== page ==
Yesterday, the Dow Jones Industrial Average hit a new record, up from its previous all-time high in 2007. As I have mentioned before, new records are generally a sign of market strength, at least for a while, and can spur more buying as investors fear missing the boat.
Other supporting signs of market strength include new highs for the Dow Transports, the fact that the S&P 500 is less than 2 percent below its all-time high, and the general shift in narrative that I’ve discussed before, which also feeds off market gains.
As I said last month, the trend is clearly upward, and breaking the psychological barrier of previous highs should provide additional impetus. I wouldn’t want to bet against the stock market right now.
And yet, and yet . . . The first real caveat is that, in real terms, we’re not at a record at all. Stock prices are based on current dollars, which are worth less—thanks to inflation—than dollars were when previous records were set. In inflation-adjusted terms, the last record was in January 2000. Even though inflation has been low, over time it does erode the purchasing power of a dollar, so this isn’t just a theoretical or academic point. For the Dow to hit a real record, it would have to be over 16,000, up about 13 percent from yesterday.
Another caveat is that much of the gain was driven by a handful of stocks—IBM, Caterpillar, 3M, Chevron, and United Technologies. Because of the peculiarities of the Dow’s construction, higher-priced stocks make a bigger difference. As a capitalization-weighted index, the S&P 500 has its own quirks—namely, the higher the value of the company, the greater the weight. So Apple, for example, became more important as it got more valuable. As gains are concentrated in a handful of stocks, the index becomes less reliable as an indicator for the market as a whole.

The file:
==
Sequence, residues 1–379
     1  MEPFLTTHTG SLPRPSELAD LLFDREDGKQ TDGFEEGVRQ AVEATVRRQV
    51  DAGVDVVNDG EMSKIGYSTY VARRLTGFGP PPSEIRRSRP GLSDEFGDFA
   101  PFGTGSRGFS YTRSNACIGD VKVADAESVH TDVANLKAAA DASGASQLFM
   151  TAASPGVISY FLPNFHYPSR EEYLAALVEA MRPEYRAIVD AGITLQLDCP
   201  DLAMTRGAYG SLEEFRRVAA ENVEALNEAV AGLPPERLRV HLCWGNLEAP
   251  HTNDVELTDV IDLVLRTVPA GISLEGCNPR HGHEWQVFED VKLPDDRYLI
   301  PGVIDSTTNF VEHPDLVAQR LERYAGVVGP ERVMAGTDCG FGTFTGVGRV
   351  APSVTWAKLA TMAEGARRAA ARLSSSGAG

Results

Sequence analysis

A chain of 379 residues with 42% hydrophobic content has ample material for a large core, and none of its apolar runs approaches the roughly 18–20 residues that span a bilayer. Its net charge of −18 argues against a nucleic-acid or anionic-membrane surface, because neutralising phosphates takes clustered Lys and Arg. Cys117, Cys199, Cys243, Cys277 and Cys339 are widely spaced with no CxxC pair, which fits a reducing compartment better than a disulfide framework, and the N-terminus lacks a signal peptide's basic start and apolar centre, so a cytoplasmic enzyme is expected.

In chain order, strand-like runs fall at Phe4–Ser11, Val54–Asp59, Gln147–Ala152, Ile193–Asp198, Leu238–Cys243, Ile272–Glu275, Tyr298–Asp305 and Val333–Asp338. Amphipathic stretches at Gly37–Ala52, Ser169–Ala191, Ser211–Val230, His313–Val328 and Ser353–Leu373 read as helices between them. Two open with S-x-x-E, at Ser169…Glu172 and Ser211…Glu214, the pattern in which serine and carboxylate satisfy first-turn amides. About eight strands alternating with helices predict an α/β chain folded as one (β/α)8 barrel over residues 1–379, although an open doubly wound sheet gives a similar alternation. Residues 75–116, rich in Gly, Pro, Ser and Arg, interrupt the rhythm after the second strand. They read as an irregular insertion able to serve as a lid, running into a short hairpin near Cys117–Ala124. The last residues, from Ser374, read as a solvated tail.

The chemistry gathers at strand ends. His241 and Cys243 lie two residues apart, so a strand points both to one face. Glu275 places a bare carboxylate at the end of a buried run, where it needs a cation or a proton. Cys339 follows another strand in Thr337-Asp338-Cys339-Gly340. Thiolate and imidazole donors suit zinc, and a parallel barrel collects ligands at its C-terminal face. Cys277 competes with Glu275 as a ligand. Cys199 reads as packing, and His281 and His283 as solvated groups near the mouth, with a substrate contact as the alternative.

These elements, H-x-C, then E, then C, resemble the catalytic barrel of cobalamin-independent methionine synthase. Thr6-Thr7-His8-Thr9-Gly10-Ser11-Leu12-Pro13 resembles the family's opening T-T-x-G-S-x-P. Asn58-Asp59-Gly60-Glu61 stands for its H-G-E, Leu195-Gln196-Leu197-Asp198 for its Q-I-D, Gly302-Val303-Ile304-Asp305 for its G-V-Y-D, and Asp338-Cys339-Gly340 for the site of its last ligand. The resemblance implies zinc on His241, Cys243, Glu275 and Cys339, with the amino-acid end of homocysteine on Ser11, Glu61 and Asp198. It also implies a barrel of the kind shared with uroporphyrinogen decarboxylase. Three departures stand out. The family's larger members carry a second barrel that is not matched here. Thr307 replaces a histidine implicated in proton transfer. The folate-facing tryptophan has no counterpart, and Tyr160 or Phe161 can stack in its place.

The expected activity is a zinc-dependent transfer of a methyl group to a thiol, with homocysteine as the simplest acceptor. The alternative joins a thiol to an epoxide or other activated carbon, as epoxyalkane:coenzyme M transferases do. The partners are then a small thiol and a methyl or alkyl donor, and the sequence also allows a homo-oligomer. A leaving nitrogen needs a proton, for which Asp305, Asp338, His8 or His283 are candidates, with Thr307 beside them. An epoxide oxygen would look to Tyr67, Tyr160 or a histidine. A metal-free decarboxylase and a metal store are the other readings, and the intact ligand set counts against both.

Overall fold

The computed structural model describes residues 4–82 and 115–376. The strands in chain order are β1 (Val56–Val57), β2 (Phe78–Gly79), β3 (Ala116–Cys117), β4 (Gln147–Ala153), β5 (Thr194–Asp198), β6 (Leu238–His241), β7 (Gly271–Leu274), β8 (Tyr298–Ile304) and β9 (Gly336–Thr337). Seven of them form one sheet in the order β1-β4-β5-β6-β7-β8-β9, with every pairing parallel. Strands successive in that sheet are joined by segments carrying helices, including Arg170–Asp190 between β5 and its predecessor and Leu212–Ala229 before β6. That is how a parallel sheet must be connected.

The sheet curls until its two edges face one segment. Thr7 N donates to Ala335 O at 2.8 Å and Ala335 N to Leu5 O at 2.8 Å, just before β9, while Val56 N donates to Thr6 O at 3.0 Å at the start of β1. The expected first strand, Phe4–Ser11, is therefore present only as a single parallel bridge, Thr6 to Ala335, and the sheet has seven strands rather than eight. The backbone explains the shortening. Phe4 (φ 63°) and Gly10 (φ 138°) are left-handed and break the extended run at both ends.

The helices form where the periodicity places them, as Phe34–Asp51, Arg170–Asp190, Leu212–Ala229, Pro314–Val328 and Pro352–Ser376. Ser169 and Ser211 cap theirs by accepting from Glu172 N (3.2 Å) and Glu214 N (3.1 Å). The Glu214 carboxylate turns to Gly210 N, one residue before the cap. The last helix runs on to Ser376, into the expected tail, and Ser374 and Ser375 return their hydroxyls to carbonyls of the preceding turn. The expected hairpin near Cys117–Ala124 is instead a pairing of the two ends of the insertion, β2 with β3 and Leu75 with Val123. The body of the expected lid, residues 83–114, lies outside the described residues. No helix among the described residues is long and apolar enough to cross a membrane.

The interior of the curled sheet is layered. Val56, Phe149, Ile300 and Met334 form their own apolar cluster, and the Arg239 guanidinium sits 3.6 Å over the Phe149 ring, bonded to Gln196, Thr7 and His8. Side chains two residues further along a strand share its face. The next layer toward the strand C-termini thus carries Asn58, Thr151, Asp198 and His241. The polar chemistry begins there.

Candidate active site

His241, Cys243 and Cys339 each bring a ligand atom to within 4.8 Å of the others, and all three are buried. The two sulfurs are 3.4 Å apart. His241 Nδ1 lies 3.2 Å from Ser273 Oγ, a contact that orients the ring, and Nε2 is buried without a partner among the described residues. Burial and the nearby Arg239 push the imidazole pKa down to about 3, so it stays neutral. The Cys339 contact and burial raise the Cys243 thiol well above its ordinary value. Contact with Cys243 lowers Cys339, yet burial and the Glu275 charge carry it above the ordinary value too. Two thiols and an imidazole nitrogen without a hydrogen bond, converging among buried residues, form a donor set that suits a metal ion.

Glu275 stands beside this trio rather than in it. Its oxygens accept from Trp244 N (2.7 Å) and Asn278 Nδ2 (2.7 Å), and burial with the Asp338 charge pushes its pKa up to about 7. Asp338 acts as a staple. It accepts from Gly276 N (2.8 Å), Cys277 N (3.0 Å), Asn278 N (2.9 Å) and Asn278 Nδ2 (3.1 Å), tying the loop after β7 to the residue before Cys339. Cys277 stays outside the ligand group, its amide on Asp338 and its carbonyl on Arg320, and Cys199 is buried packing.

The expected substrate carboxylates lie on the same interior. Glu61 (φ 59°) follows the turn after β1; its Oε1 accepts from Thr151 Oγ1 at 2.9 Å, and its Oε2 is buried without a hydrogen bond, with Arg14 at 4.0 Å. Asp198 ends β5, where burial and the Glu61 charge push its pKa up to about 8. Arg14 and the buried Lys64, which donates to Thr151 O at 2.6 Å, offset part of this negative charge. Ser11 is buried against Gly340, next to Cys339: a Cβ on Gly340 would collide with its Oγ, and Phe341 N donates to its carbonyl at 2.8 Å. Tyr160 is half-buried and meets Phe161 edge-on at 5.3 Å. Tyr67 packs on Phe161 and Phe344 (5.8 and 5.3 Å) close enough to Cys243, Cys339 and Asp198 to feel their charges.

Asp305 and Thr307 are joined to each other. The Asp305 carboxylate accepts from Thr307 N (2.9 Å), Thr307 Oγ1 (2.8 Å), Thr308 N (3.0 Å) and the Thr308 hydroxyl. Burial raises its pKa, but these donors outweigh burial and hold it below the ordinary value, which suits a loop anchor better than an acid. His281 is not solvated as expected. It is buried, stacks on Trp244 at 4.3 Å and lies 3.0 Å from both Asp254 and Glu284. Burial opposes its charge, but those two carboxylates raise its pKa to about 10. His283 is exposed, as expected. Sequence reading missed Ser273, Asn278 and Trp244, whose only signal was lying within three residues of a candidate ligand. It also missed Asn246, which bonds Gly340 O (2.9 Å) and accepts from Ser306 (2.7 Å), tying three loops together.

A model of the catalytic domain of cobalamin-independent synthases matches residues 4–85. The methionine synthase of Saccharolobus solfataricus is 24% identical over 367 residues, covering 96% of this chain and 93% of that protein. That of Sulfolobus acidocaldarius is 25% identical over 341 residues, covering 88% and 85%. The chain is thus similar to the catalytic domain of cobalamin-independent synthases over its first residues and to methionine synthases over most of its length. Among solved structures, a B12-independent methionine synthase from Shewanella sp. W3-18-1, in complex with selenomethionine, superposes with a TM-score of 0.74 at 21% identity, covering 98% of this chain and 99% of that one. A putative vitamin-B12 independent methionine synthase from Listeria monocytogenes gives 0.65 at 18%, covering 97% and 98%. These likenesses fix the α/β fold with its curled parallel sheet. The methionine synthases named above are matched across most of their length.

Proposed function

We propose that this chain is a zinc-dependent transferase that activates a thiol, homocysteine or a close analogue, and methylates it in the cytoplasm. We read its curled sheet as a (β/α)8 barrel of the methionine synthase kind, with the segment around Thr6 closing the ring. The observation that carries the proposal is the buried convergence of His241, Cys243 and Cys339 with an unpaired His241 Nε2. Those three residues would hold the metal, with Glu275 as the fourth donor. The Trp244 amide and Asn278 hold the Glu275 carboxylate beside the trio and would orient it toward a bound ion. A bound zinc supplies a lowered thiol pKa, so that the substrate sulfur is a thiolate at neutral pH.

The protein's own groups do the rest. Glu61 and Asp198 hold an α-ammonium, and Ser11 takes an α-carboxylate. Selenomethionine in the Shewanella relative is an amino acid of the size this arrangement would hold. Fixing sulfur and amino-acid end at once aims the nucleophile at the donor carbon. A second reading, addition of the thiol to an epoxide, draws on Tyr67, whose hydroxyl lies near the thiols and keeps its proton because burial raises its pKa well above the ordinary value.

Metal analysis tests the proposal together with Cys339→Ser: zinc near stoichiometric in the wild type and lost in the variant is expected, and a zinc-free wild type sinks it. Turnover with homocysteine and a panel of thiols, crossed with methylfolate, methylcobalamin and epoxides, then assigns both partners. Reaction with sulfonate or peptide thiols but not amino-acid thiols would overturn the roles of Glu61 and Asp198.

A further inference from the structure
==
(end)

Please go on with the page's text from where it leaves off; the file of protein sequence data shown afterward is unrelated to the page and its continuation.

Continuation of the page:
There are positive factors as well. Index levels don’t account for dividends, and that offsets the inflation factor to a great degree. Conceivably, the Dow’s previous high now becomes a support level, making it harder for the index to decline.
Short term, the trend seems to be up. Longer term, earnings and valuation issues continue to lurk. We should know pretty soon whether the upward trend will continue or whether it’s time to take a break.
Technically, both indices remain well above their 50- and 200-day moving averages, and earnings continue to be projected to grow. Short-term valuations remain reasonable. I feel there is no apparent reason for a short-term decline.
Looking ahead, concerns remain. Longer-term value metrics show that the markets are overvalued. Historically, returns over three- to five-year periods from current longer-term valuations have been disappointing. In my view, there’s no real short-term reason to get out of the market at this point, but longer term, caution may still be appropriate.